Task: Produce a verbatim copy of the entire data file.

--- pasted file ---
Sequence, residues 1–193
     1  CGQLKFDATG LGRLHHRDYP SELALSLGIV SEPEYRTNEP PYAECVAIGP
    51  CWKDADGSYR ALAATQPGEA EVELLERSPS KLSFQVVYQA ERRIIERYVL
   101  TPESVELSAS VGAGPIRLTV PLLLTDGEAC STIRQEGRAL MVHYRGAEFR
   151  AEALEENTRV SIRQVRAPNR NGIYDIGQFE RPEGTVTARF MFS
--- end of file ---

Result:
Sequence, residues 1–193
     1  CGQLKFDATG LGRLHHRDYP SELALSLGIV SEPEYRTNEP PYAECVAIGP
    51  CWKDADGSYR ALAATQPGEA EVELLERSPS KLSFQVVYQA ERRIIERYVL
   101  TPESVELSAS VGAGPIRLTV PLLLTDGEAC STIRQEGRAL MVHYRGAEFR
   151  AEALEENTRV SIRQVRAPNR NGIYDIGQFE RPEGTVTARF MFS